Namadgi Rock Art Working Group

Preserving the rock art sites in Namadgi

The Namadgi Rock Art Working Group, a collaborative partnership between Namadgi National Park and the local Aboriginal community, was established in 2008 to facilitate the development of a Conservation Management Plan (CMP) for all the rock art sites in Namadgi. The group provides annual training in contemporary rock art assessment, maintenance and recording techniques, and introduced an Aboriginal perspective to the conservation of the sites. The Namadgi Rock Art Working Group meets biannually to advise management on the implementation and further development of the CMP. The group also assists with the annual monitoring and maintenance work at the sites.

Representatives on the Namadgi Rock Art Working Group include the ACT Registered Aboriginal Organisations (King Brown Tribal Group (Ngunnawal), Buru Ngunawal Aboriginal Corporation, Little Gudgenby River Tribal Council (Ngambri), Ngarigu Currawong Clan), United Ngunnawal Elders Council, TAMS Parks and Conservation Aboriginal staff and Namadgi National Park staff. The Namadgi Rock Art Working Group won the 2011 ACT Leighton Indigenous Landcare Award and was one of 88 finalists in the 2012 National Landcare Awards.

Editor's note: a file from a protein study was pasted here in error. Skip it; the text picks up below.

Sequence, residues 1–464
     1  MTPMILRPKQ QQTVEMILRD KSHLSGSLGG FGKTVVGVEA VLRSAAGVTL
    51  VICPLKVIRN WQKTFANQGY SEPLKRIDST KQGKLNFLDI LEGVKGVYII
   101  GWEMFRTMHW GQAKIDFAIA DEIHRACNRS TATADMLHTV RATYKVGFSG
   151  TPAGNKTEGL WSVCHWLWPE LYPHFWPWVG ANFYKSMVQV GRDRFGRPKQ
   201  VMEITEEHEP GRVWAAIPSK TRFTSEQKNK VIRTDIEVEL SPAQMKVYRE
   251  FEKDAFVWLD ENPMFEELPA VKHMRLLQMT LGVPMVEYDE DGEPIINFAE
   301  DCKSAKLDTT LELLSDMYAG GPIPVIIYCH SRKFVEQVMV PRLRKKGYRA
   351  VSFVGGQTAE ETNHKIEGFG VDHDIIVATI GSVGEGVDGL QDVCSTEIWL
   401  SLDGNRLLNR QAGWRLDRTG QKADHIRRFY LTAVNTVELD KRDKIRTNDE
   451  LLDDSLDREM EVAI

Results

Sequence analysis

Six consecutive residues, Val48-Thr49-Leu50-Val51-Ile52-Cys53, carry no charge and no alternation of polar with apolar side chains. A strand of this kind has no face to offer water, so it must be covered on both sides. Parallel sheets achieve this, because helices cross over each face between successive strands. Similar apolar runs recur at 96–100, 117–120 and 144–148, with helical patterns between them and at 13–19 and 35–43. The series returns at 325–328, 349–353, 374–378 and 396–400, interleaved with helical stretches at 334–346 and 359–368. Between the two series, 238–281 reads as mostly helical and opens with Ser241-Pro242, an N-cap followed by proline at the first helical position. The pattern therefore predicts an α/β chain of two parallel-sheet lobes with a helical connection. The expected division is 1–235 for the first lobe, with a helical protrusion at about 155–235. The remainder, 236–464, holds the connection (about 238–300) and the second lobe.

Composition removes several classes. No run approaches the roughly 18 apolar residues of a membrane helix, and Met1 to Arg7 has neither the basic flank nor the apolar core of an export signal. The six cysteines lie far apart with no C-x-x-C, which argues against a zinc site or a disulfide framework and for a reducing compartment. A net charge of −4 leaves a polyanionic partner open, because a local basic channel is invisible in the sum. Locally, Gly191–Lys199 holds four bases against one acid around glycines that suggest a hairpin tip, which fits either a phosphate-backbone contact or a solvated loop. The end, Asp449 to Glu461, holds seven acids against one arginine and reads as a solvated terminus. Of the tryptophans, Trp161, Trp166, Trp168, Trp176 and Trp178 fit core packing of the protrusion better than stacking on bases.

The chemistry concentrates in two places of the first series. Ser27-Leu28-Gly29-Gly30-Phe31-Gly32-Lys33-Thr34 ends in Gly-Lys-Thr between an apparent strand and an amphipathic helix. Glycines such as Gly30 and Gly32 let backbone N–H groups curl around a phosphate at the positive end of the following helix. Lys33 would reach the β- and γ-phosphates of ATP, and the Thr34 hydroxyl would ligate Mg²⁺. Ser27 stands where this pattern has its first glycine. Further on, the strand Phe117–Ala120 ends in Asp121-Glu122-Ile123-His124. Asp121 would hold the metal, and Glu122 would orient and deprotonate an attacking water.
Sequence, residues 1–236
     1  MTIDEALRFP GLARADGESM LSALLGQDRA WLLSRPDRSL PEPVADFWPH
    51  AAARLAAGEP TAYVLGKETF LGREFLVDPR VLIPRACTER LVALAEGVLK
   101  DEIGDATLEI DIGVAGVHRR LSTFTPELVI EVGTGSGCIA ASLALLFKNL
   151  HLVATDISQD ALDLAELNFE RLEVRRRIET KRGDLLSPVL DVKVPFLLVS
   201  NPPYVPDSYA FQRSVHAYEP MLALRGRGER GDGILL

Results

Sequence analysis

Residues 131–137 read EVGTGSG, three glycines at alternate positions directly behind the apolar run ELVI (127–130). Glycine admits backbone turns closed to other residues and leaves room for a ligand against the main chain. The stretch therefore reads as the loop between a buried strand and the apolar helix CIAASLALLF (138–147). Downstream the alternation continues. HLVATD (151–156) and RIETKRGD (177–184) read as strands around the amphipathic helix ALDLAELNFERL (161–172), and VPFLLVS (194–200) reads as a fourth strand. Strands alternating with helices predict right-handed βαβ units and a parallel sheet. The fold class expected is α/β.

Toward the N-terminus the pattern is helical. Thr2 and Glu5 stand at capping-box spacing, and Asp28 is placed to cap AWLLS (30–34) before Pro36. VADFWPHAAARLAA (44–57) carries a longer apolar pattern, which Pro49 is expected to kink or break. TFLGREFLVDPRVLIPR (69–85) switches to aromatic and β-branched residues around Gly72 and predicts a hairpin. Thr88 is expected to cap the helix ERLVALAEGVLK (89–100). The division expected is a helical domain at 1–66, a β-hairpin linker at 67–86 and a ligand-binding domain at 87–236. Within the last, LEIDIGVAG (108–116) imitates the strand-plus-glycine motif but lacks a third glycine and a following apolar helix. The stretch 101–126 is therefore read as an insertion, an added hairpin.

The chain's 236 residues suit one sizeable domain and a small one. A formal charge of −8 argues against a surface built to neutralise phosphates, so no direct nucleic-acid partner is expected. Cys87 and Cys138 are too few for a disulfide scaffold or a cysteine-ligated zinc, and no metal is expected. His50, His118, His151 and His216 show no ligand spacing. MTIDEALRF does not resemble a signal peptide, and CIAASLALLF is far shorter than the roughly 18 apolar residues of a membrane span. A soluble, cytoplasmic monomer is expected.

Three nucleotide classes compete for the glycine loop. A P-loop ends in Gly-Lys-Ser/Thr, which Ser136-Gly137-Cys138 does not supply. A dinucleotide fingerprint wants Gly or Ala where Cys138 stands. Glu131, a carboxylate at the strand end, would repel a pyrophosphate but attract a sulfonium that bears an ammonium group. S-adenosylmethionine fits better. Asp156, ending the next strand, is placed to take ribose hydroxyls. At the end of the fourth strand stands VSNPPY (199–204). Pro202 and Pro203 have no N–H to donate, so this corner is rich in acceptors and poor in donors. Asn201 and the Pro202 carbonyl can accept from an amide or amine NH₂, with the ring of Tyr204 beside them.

“These rock art sites are part of an ancient pathway through a landscape my ancestors managed for thousands of years, and I’m proud to be protecting their stories of Aboriginal people coming together for ceremony, marriage, trade and lore for our future generations. The Namadgi Rock Art Working Group reflects our traditional ways of meeting and exchanging knowledge, and maintaining the spiritual, social and environmental connectivity between Traditional Caretakers.” Adrian Brown - (Ngunnawal descendent) Ngunnawal Country Ranger, ACT Parks and Conservation Service.

“The ongoing success of this project can be attributed to the foundation of a simple idea built on an approach of genuine cooperation and partnership. This is a project that as a Park Service we are incredibly proud of and celebrate – it is indeed best practice cultural heritage management." Brett McNamara - Manager Regional Operations, National Parks and Catchments, ACT Parks and Conservation Service.